I’ve got a question. Got the Dell S2721DGF(A) which is G-Sync compatible, I’m running the monitor at 165Hz.

So what I basically did is to set a FPS cap @161 with RTSS.

Enabled G-Sync fullscreen in NVCP.

Enabled V-Sync in NVCP.

According to the guide V-Sync within the G-Sync range should still act like for native G-Sync monitors when it’s an official supported G-Sync compatible monitor.

What happens for me though is.

When V-Sync is enabled FPS cap at 158, not 161 as set in RTSS.

When I then disable V-Sync and have only G-Sync running it’s capped at 161 again.

So my question really is why this weird behaviour?

Should I activate or deactivate V-Sync in my case?

SvenL
Member
SvenL

Hi,
First of all, thank you so much for creating such an amazing guide. After reading through a few more questions arose.

I’m playing Warzone (FPS game) on a 1080p 144hz free sync monitor with an RTX 2080Ti graphics card. (I achieve 170-180 fps in game uncapped, which is above the refresh rate of my monitor)

My goal is to have a 100% tear-free gaming experience with the least amount of input lag to achieve the best possible accuracy.

First, I took over the following settings from you
NVCP: G-Sync & V-Sync: On

But when it comes to the FPS limiter, I’m still unsure which is best in my case. (Warzone also supports reflex)

In-Game FPS Limiter (141 FPS cap)
Reflex: On / On + Boost
RTSS / NVIDIA’s Max Frame Rate (141 FPS cap)

The question is which of these options has the lowest input lag and at the same time the most constant possible frame time. (I assume these 2 factors are especially important for FPS games)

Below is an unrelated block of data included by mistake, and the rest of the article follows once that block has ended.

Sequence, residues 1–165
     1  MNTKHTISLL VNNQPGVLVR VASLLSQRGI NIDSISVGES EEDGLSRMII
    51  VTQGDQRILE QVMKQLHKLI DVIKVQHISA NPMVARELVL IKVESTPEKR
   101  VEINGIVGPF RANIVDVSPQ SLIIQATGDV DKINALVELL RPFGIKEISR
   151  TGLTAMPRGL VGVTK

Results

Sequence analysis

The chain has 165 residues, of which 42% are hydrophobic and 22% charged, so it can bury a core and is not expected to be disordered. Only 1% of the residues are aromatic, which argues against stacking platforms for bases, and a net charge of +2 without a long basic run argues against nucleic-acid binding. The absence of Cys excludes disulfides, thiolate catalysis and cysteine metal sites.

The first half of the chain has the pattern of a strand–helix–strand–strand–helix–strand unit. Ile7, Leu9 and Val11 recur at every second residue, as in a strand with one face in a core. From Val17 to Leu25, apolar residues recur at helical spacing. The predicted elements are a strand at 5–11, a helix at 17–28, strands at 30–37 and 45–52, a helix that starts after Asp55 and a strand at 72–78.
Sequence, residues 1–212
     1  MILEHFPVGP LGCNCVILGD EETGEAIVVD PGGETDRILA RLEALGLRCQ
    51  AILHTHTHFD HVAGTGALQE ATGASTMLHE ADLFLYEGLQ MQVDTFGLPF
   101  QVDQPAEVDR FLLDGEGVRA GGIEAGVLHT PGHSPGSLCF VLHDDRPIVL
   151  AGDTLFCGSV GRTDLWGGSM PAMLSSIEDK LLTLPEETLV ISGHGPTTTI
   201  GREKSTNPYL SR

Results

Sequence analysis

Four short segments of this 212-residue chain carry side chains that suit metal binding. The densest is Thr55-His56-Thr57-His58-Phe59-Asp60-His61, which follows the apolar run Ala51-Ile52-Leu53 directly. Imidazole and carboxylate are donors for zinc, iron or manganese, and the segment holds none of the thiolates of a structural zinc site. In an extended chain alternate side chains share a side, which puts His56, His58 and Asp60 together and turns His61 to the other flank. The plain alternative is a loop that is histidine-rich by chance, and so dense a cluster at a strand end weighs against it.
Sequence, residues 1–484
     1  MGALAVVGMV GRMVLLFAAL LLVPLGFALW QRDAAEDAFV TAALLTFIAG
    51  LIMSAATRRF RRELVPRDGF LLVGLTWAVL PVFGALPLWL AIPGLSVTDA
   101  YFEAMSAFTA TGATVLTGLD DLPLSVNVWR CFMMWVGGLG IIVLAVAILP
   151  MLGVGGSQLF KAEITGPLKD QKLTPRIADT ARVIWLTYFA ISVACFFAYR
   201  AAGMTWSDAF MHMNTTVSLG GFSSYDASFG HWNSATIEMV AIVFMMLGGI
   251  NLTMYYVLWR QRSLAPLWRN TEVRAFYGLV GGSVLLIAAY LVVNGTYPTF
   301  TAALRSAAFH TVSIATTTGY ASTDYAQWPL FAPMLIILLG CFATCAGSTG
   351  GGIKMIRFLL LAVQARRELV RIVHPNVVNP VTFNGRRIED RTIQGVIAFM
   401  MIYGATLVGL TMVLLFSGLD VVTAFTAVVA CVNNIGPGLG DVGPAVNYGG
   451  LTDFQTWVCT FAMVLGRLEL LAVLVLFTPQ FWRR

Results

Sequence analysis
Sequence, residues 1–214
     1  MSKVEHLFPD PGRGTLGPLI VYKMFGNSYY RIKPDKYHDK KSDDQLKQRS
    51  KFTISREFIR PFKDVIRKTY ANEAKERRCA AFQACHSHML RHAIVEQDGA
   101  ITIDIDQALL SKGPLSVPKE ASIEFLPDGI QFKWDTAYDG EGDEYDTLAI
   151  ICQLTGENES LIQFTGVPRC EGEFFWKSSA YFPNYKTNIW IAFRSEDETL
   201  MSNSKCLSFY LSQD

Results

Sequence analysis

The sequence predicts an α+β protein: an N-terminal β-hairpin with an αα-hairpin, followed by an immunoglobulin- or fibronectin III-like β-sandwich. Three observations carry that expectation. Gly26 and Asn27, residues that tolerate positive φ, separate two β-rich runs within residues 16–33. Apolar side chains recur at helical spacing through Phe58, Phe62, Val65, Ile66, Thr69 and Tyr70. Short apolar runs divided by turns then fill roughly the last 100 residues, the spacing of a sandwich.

Or what you think would be the best sweet spot out of all of these options.

With reflex activated (On + Boost), I noticed that the frame rate varies (around 138 fps). I’m not sure whether this will have a negative impact on my frame time or input delay, as I could easily achieve a constant 141 FPS with my graphics card. Should I then prefer the in-game FPS limiter or RTSS / NVIDIA’s Max Frame Rate over reflex?

Thank you very much

RoseGoldCrobat
Member
RoseGoldCrobat

I signed up here since you seem to know a lot about this. I have a very strange issue.

I have a monitor that is Gsync compatible and Gsync is on in fullscreen mode.

When I play certain games, the current ones I’ve seen it in are Red Dead Redemption 2 and Hitman 3 I would like to have gsync on and vsync on. The problem is when both settings are on at the same time my FPS caps to 72 fps, half of my monitor’s refresh rate. I don’t understand why this is happening. Could I be missing a setting?

Zehdah
Member
Zehdah

Hello. I have a new monitor, it’s a Samsung G7 Odyssey which is 1440p 240hz with Gsync. I’m wondering what you would recommend for optimal performance/gaming with that setup since it’s unlikely I will hit 240hz in a game at 1440p with a 1080ti, should I still follow the above instructions and cap to 237 along with vsync on in CP, off in game? Curious if there’s any extra things I need to do.